and a report on financial reporting procedures (Hanson Westhouse, 2012). Each of these documents must be available for potential investors for various periods of time, such as 10 to 14 days, before a firm can be admitted (London Stock Exchange, 2010a, p.25). If there are any changes in a firm’s “financial or trading position between the balance sheet date of its latest published financial information and the date of the admission document” that could affect the price of the security, AIM’s Rules for Companies require the firm to disclose this information in the admission document (London Stock Exchange, 2010a, p.36). In addition to helping to coordinate the initial due diligence process for an IPO, a firm’s nomad also provides ongoing consultation, advice, and review (London Stock Exchange, 2012b). Table 1: Contents of an AIM Admission Document The very front • • • • • • • • • • • • • • • • • • • cover page, including certain “health warnings” and important information for non-UK investors summarized key information in relation to the company index list of directors and advisers list of definitions and glossary of technical terms timetable placing statistics history of the business information about the present-day business, current trading, and investments key business and market trends and prospects in the case of an investment company; details of its investment strategy summarized information about directors and key personnel intellectual property information about the placing or offer for subscription use of funds corporate governance policies share option arrangements and dividend policy City Code information (if applicable) risk factors relevant to the business historical financial information relating to the company and its

The front end: Detailed description of the business and the investment proposition

Risk factors Historical



financial information

• • Other reports •

subsidiaries—usually audited accounts for the last three years or a shorter period of time if the company has been in existence for less than three years. If more than nine months have elapsed since the company’s financial year end, interim financial information also must be included, which may or may not be audited. an auditor’s or reporting accountant’s opinion as to whether the financial information shows a true and fair view for the purposes of the AIM admission document if appropriate, pro forma financial information experts’ reports; these are necessary for mining and oil and gas companies, and they may be desirable for a company with a specialist business (e.g., technology, life sciences, intellectual property). a responsibility statement confirming that each of the directors and proposed directors accepts general information: responsibility, individually and collectively, for the information contained in the document, and that to the best of their knowledge and belief (having taken all reasonable care to ensure that such is the case) the information contained in the admission document is in accordance with the facts and does not omit anything likely to affect the import of such information details of the incorporation and legal status of the company, its registered office, and its objects information about share capital, including rights attaching to the shares and authorities to issue further shares information about the company’s articles of association and constitution documents directors’ interest in the company, directorships of other companies, and involvement in previous personal or company insolvencies the name of any person who, so far as the directors are aware, holds an interest of 3 percent or more in the company’s issued share capital and the level of that interest share option plans material contracts, including the placing or introduction agreement related party transactions terms of engagement of the directors and senior personnel summarized tax position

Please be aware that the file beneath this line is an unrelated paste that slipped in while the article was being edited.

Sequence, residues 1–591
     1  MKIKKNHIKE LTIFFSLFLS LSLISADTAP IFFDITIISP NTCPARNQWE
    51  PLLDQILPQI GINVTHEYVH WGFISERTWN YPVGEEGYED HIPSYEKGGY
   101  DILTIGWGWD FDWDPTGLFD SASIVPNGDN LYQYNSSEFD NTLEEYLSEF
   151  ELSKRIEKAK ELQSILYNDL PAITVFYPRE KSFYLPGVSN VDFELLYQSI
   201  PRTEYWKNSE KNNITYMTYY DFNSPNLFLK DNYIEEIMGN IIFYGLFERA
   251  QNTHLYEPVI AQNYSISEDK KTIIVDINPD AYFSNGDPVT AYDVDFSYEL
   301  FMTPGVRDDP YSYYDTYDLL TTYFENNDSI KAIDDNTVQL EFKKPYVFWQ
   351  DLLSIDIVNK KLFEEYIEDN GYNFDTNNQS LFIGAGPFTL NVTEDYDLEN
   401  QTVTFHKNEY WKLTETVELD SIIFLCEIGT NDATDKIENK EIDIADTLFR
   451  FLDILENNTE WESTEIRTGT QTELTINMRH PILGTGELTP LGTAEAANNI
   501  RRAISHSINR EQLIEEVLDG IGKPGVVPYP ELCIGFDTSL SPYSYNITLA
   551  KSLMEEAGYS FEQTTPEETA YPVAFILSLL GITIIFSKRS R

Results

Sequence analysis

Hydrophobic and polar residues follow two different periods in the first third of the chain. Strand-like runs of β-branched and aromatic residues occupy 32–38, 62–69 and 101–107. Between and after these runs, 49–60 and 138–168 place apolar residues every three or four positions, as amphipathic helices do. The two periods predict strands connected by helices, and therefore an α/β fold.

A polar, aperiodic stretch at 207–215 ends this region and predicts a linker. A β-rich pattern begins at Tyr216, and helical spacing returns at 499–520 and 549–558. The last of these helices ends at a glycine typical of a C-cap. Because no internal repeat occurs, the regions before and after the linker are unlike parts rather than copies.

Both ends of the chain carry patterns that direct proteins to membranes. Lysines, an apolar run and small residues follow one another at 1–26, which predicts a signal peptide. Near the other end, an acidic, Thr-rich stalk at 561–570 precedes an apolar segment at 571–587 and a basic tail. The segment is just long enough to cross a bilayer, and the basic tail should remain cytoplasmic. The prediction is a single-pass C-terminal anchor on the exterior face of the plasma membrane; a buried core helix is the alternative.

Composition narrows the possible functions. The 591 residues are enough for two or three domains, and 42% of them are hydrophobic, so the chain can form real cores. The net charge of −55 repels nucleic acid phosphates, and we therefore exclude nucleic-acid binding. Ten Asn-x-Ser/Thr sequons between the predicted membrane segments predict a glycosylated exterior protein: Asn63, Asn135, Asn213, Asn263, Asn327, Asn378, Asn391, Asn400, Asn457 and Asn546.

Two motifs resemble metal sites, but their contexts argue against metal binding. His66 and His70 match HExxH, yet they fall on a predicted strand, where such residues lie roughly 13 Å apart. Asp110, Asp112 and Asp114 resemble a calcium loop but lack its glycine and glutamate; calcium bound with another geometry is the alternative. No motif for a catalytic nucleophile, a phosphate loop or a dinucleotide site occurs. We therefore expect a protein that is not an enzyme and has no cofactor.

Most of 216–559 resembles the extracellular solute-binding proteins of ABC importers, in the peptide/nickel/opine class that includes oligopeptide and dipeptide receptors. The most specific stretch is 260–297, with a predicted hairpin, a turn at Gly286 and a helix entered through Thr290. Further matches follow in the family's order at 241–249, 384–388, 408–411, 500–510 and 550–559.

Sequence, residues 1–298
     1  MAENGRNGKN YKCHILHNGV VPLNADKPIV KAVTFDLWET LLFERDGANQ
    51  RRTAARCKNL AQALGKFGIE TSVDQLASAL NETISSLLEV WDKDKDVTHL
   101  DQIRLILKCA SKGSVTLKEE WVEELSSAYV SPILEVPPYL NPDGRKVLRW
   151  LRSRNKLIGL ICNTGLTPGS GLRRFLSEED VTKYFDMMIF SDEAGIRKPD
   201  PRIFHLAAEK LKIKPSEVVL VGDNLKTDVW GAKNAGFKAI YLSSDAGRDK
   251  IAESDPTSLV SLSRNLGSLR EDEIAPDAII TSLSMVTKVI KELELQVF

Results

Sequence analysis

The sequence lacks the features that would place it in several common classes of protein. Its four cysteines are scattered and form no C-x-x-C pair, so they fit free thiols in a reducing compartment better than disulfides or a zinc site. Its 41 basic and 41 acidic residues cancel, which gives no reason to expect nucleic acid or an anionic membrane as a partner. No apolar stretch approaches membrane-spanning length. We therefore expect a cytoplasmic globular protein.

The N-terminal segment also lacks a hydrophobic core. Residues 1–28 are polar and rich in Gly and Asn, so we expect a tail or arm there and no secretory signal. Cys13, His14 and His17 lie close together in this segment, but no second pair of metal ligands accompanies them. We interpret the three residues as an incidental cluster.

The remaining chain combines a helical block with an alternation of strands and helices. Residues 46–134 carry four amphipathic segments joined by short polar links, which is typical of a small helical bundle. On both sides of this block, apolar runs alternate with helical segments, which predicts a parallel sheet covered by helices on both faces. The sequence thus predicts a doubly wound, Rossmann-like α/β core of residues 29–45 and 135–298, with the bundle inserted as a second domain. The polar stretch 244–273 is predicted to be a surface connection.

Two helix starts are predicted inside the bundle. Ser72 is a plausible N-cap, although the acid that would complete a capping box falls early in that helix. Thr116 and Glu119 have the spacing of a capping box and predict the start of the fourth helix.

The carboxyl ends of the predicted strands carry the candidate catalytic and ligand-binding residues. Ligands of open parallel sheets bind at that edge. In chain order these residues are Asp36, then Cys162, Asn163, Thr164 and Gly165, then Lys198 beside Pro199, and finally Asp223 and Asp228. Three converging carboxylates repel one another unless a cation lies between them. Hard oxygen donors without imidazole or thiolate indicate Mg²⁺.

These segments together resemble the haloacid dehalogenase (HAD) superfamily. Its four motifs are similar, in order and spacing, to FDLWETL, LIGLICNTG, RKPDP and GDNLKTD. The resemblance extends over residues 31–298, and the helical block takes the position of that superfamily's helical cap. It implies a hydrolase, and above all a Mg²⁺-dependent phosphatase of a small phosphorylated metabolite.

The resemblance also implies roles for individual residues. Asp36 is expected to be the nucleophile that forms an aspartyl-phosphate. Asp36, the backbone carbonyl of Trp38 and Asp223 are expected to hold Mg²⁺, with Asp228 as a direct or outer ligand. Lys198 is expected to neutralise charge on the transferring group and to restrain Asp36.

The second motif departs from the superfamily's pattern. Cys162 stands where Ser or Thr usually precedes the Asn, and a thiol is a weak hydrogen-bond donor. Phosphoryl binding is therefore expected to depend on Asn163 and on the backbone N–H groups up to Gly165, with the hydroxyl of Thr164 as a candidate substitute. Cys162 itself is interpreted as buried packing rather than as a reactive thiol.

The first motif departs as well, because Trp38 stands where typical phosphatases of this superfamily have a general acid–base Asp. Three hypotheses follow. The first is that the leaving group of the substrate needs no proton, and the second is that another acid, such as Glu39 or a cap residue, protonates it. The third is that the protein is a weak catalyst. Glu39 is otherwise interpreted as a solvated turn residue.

Statutory and general information: The back end

• • • • • • • • • •



• • • • • •